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Burgess has added string to his bow

Published 12/05/2015

Sam Burgess, pictured, has been tipped to make Stuart Lancaster's 45-man World Cup training squad
Sam Burgess, pictured, has been tipped to make Stuart Lancaster's 45-man World Cup training squad

Sam Burgess's versatility to cover centre and back-row is the "added string to his bow" that can secure Rugby World Cup selection, according to Mike Ford.

Bath boss Ford has tipped the rugby league convert to force his way into England's 45-man training squad, to be announced on May 20.

Burgess started life in union at 12 in December, only to slot into the back-row in recent months in a move some feared could curtail his World Cup hopes.

The 26-year-old himself admitted he would always put his hand up for Test selection, happy to switch between centre and blindside flanker as required.

"I think Sam should be in England's wider 45, definitely," said Bath head coach Ford.

"When we moved Sam to six I was pretty much certain Stuart Lancaster would pick him in that wider squad regardless of where we were playing him, because of his leadership qualities.

"Now though I think Stuart looking in will probably think this is an added string to his bow that enhances his selection - because now he has proved he can play two positions.

"That gives you the option to have six forwards on the bench, because Sam can cover the backs as well."

Former England defence coach Ford always felt Burgess would be best suited to the back-row in union, after joining Bath from South Sydney.

Now Ford believes Burgess is settled enough in his new code to transfer the prodigious graft that set him apart as one of the NRL's top talents.

"He has a phenomenal work-rate - the other week he made 46 plays in 62 minutes," said Ford.

"Francois Louw (Springboks flanker) is top of that every week, he tops those numbers, but he was 41 after 80 minutes.

"That's what we saw in Sam when we brought him over from South Sydney.

"And the way we're trying to play with ball in hand, he understands it a lot better than some of the others (Bath back-rowers), in terms of the chaos attack.

"He's a leader: when you go through the periods where the opposition are on top he doesn't panic.

"He stays tight; he gives the right chat to the players, telling them to see it through and not to worry.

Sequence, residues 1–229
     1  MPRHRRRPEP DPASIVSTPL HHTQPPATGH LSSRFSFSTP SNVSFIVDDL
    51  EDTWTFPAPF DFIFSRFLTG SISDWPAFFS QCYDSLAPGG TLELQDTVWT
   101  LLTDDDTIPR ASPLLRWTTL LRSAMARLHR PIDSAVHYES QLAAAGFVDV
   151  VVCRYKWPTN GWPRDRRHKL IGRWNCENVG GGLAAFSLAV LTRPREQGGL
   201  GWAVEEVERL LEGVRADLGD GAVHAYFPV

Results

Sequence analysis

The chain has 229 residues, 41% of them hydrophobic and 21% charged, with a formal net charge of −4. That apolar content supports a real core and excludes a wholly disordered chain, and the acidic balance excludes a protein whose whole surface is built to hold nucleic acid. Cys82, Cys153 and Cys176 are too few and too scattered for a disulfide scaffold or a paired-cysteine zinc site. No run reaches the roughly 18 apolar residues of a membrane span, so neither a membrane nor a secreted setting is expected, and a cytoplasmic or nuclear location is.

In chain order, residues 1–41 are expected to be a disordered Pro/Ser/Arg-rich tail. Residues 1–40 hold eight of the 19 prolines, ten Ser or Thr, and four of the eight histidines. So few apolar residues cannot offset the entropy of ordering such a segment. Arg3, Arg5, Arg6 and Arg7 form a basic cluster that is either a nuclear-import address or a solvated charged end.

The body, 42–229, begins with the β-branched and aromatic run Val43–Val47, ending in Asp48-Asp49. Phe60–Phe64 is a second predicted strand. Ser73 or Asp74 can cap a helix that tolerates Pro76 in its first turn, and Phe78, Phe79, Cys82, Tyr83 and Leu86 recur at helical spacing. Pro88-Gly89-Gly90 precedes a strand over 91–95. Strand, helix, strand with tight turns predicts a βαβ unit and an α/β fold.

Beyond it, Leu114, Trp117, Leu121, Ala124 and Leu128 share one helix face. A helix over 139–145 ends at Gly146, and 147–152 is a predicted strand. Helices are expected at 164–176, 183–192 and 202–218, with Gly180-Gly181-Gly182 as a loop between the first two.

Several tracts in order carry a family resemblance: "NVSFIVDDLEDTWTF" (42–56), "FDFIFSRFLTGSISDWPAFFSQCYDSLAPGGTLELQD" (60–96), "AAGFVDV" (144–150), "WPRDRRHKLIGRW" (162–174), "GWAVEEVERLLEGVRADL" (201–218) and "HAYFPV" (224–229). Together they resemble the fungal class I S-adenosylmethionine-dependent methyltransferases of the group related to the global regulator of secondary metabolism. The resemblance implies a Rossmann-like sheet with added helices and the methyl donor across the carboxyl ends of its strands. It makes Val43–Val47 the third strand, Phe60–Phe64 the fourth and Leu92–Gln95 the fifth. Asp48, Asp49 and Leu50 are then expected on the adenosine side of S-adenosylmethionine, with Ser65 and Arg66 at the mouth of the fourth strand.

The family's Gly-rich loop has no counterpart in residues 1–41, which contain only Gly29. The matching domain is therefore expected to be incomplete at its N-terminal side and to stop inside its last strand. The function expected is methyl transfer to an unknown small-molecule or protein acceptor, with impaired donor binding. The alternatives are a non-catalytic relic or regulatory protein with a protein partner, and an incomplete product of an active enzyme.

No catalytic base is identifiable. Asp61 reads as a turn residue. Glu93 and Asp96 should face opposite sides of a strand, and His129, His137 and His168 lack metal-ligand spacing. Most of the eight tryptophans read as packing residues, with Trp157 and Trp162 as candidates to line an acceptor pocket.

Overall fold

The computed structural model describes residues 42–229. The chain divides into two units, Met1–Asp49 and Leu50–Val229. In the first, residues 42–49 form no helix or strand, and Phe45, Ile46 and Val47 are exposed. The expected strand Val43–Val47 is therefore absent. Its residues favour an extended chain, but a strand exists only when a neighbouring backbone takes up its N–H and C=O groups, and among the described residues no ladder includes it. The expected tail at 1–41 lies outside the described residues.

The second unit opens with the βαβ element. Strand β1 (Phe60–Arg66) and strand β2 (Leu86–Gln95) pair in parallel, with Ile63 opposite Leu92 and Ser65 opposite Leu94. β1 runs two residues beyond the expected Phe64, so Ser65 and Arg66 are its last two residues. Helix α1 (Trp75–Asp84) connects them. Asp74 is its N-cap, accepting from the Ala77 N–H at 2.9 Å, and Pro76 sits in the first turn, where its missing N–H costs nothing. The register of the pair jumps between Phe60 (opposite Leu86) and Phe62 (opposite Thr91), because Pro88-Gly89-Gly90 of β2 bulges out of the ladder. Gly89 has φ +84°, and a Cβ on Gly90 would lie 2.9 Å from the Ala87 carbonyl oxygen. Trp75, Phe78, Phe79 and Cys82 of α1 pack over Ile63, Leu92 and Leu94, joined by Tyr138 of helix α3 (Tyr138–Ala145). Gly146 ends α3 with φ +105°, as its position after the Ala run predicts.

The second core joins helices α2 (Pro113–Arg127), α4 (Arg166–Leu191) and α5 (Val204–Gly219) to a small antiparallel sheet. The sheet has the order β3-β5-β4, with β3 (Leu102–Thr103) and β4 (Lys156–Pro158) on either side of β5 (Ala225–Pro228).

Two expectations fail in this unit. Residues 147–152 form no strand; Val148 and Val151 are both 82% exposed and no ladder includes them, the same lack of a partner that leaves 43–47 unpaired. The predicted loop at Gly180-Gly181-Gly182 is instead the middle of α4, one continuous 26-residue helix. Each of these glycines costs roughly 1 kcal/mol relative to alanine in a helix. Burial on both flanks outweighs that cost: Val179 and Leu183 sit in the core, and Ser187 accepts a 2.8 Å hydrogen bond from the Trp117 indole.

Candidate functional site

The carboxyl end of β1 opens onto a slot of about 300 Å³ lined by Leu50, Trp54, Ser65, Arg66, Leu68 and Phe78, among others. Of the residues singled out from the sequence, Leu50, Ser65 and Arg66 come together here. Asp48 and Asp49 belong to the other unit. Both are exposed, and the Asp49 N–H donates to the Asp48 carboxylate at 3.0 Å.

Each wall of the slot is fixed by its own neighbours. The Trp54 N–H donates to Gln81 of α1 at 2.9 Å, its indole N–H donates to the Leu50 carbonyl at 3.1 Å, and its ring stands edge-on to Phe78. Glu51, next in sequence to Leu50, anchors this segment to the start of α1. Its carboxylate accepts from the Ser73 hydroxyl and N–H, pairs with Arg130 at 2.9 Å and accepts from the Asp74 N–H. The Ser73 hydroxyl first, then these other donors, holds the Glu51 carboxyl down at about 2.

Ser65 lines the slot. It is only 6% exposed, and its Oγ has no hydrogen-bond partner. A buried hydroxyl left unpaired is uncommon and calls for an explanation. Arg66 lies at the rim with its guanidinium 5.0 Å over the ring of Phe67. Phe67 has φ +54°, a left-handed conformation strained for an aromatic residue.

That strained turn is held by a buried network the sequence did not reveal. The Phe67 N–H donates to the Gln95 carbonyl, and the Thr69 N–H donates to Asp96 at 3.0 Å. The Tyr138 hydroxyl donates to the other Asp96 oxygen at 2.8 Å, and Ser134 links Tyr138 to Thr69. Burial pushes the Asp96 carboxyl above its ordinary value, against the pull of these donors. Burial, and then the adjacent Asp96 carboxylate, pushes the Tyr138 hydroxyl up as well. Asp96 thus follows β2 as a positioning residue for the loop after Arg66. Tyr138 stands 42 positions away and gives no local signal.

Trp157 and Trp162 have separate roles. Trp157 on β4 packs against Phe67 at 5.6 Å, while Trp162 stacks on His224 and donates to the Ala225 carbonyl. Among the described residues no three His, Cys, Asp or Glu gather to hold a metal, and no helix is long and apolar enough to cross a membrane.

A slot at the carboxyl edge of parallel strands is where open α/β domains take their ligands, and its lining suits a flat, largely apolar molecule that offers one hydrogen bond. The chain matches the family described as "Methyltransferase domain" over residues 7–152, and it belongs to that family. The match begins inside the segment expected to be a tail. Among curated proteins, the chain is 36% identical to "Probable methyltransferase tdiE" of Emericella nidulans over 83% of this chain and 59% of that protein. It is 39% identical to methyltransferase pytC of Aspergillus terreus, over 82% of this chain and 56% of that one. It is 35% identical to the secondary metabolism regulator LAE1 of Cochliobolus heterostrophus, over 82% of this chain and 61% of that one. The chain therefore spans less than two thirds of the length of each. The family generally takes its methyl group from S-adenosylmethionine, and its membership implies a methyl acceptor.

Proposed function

"He'll say 'give me the football, I'll make that tackle'."

Burgess now considers attempting to crack the new union code a tougher challenge than making it big in Australian rugby league when most locals love to see British ex-pats fail.

The gritty Bath recruit was a full-blown England star in league before securing world superstar status and leading South Sydney to the 2014 NRL title.

After starting from scratch in union with Bath, he is in little doubt as to the harder task - but believes his six-month immersion could just be enough for a shot at World Cup selection.

"I would never say 'I don't think I am ready'," said Burgess when asked if he feels prepared to chase a World Cup spot.

"I would always put my hand up.

"There's plenty of time prior to everything kicking off but all that's out of my control at the moment.

"I will focus on what we are doing here at Bath. I don't know what Mike Ford or Stuart Lancaster might have said but I will crack on with what I am doing here and let that take care of itself.

"But if the chance came to represent my country, I would give my utmost to represent it the best I could.

"I would never say 'I don't think I am ready'. I would always put my hand up and give it my best shot.

"This is a bold statement that might make headlines, but this has been harder than going to Australia.

"I moved there young, but was playing a game I'd known since I was five, and had already played at the highest level.

"I knew what I was going into there, but this a brand new game.

"Playing 10 years at top grade in league and then starting again in union is a much harder challenge.

"There is pressure but I do think I can deal with it."

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